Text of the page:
Missionaries know they could become hostages, but many are willing to take the risk.

In 1956, five American missionaries were speared to death in the jungles of Ecuador as they sought to spread the gospel among primitive Auca Indians. The story of their courage, a story publicized internationally, has been an inspiration to many believers.

Thirty years later, the world is still a dangerous place for Christians. One reason for this statistic is rampant terrorism. For Americans working in some areas of the world, the possibility of being kidnaped or killed is a daily fact of life.

The story of Presbyterian missionary Benjamin Weir ended happily last year when he was released by his kidnapers after 16 months in captivity (CT, Nov. 8, 1985, p. 52). However, Lawrence Martin Jenco of Catholic Relief Services is still a hostage in Lebanon where he has been held by the Islamic Jihad for more than a year.

Because American missionaries are possible targets for terrorist acts, almost all North American mission agencies have adopted policies aimed at discouraging the seizure of missionary hostages. Most agencies will not even negotiate with terrorists, let alone yield to their demands.

Such a policy withstood the supreme test in 1981. The Summer Institute of Linguistics (SIL), the overseas counterpart of Wycliffe Bible Translators, refused to leave the South American country of Colombia in return for the life of linguist Chester Bitterman III. In March of that year, Bitterman was found dead in an abandoned bus in Bogota 47 days after his abduction by the urban guerrilla group M-19. He had been shot through the heart (CT, April 10, 1981, p. 70).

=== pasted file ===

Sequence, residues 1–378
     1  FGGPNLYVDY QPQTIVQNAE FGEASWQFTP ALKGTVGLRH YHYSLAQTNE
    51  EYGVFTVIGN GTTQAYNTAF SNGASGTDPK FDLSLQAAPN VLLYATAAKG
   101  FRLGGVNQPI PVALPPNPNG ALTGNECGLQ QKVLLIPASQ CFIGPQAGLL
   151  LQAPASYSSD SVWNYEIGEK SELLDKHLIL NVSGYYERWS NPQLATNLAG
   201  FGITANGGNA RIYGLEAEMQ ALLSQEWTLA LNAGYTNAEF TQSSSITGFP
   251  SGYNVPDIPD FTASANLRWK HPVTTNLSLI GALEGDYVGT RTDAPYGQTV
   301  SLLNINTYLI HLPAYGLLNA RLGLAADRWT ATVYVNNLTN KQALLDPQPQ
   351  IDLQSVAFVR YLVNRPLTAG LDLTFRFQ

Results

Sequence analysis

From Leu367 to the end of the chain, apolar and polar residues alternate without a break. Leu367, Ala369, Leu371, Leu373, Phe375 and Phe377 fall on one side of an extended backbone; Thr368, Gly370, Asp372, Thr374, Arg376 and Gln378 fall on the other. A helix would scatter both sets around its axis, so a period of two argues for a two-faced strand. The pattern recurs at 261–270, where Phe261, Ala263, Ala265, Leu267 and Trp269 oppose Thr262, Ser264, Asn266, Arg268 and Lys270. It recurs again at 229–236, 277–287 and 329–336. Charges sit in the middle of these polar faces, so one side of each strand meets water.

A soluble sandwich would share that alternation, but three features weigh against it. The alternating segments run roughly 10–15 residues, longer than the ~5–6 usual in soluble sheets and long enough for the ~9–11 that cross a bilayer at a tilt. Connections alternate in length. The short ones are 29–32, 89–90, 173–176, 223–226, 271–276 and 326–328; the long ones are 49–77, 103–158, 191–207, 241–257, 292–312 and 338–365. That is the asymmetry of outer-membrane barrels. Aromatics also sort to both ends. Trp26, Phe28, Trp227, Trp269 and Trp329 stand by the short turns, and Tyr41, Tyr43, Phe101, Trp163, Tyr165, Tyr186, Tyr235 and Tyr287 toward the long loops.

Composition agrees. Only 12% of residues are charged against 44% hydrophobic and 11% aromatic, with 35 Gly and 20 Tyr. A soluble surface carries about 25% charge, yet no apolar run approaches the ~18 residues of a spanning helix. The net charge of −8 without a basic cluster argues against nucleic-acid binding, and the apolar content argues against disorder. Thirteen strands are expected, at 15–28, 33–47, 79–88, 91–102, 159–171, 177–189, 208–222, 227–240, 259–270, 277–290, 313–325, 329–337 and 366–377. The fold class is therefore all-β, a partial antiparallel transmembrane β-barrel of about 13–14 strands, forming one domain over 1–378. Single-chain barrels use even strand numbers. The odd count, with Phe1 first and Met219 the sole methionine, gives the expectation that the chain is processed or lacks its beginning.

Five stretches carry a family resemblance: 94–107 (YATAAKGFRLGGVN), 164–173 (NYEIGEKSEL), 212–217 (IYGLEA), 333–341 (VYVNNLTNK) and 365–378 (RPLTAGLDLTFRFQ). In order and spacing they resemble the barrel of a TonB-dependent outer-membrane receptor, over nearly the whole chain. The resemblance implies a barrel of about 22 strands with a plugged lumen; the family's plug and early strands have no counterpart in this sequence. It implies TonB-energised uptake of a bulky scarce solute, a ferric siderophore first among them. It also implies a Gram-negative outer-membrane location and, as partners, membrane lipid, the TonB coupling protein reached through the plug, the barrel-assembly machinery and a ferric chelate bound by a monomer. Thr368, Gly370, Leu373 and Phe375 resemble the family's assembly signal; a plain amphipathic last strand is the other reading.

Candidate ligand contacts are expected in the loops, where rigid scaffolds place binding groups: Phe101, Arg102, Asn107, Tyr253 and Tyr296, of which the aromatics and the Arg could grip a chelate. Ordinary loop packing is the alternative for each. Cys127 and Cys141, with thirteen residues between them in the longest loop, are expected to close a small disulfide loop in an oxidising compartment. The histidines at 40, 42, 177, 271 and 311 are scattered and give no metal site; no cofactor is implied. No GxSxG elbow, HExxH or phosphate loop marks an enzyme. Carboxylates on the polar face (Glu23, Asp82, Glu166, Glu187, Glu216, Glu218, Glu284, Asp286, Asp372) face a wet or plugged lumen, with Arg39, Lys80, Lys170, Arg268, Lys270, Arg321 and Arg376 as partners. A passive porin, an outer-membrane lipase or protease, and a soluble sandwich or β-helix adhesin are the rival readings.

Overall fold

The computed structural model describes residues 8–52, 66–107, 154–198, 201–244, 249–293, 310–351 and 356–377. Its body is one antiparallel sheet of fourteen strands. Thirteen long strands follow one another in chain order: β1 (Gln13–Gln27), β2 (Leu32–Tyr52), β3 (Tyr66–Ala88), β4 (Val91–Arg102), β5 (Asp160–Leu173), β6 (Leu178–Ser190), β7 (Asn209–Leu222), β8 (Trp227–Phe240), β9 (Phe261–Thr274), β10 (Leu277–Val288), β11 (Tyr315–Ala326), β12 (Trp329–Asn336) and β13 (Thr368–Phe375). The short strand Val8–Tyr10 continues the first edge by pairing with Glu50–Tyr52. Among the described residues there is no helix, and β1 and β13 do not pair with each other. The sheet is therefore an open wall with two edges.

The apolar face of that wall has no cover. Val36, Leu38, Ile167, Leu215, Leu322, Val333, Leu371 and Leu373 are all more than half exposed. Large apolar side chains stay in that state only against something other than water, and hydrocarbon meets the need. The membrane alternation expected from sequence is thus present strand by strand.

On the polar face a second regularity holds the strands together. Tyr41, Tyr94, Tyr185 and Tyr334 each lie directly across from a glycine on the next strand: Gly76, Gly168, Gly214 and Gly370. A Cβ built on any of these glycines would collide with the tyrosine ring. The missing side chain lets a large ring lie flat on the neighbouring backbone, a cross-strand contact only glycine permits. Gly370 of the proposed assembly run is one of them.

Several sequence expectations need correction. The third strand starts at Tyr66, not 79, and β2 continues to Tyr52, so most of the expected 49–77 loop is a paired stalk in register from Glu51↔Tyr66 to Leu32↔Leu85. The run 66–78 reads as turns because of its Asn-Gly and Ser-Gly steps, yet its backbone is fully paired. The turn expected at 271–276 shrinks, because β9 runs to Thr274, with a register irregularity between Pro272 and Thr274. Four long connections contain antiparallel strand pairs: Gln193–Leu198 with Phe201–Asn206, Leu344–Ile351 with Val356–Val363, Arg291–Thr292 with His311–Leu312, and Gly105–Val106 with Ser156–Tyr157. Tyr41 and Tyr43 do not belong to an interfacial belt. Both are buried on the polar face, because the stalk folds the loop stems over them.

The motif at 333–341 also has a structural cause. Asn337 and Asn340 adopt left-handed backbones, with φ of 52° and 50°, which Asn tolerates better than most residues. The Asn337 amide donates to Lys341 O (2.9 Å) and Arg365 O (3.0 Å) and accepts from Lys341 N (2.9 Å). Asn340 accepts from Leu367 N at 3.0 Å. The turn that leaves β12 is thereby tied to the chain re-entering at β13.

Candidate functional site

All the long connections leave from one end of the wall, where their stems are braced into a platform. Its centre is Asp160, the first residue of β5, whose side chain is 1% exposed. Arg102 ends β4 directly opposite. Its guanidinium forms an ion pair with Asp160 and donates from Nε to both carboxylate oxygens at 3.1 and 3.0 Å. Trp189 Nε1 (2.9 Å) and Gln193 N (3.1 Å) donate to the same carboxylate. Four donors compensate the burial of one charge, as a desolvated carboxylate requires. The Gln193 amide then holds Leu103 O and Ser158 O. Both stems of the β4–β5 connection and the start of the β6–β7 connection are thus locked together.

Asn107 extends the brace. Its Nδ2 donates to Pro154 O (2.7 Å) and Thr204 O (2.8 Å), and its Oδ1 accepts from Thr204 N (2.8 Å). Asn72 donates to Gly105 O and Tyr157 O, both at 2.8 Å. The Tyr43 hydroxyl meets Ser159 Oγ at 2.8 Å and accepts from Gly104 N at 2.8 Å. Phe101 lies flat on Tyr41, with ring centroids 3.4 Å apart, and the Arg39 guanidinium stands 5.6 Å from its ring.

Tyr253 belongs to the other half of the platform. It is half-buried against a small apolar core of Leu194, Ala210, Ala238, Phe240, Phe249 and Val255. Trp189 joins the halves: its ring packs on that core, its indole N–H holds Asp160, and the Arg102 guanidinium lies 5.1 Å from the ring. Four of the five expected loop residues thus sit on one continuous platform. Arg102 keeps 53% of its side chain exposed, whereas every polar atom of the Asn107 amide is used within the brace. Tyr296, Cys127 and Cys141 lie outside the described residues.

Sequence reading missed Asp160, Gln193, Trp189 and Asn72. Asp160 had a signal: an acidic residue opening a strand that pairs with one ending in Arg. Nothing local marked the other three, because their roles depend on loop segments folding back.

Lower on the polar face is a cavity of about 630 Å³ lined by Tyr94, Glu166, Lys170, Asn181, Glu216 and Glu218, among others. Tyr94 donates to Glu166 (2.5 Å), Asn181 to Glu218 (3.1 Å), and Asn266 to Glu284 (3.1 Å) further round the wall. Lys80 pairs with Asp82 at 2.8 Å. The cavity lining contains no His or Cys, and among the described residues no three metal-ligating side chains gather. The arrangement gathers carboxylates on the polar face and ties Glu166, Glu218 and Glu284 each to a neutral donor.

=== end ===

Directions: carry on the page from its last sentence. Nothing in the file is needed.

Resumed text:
SIL had adopted its policy of not submitting to terrorist demands six years earlier. It was first tested in February 1976 when British linguist Eunice Diments was kidnaped for ransom in the Philippines. No ransom was paid, and Diments was released after three weeks as a hostage. “I think most people realize that when you start paying ransom you only expose other people to the same hazards,” said John Bendor-Samuel, executive vice-president of SIL and Wycliffe Bible Translators.

“I don’t know of any [evangelical mission agencies] that do not have that [no-ransom] policy,” said Jack Frizen, executive director of the Interdenominational Foreign Mission Association, an umbrella organization of mission agencies. Some mission groups, including the Florida-based New Tribes Mission, adopted no-ransom policies as a result of the Bitterman incident.

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Last year, three New Tribes missionaries were held for about a month by the Revolutionary Armed Force of Colombia (FARC). The guerrillas demanded $120,000 for one of the missionaries, but New Tribes dropped a note stating that it would pay nothing. The three were eventually released unharmed.

In another instance in 1983, $ 100,000 was among the ransom demands of the South Sudanese Liberation Front, which was holding four missionaries, three of whom were affiliated with the Africa Committee for the Rehabilitation of the Southern Sudan (ACROSS). Nothing was paid, and Sudanese government commandos freed the missionaries two weeks after they were seized.

Africa Inland Mission (AIM), a founding member of ACROSS, also has a policy against paying ransom for kidnaped missionaries. “All of our people know that and have signed papers stating that [they know],” said Dave Hornberger, director of U.S. Ministries.

Peter Stam, U.S. director for AIM, said giving in to ransom demands is tantamount to paying a bribe. “Once they establish a bribe,” he said, “you’ll never get anywhere without a bribe.”

Catholic Relief Services (CRS) is one organization without a no-ransom rule. CRS representative Beth Griffin said the agency had never faced a hostage situation until the capture of Jenco, the director of CRS’s relief program in Lebanon. Griffin said CRS handles crises as they come. She added, “Having a policy would presume that the people doing this are acting rationally. These people aren’t always rational.”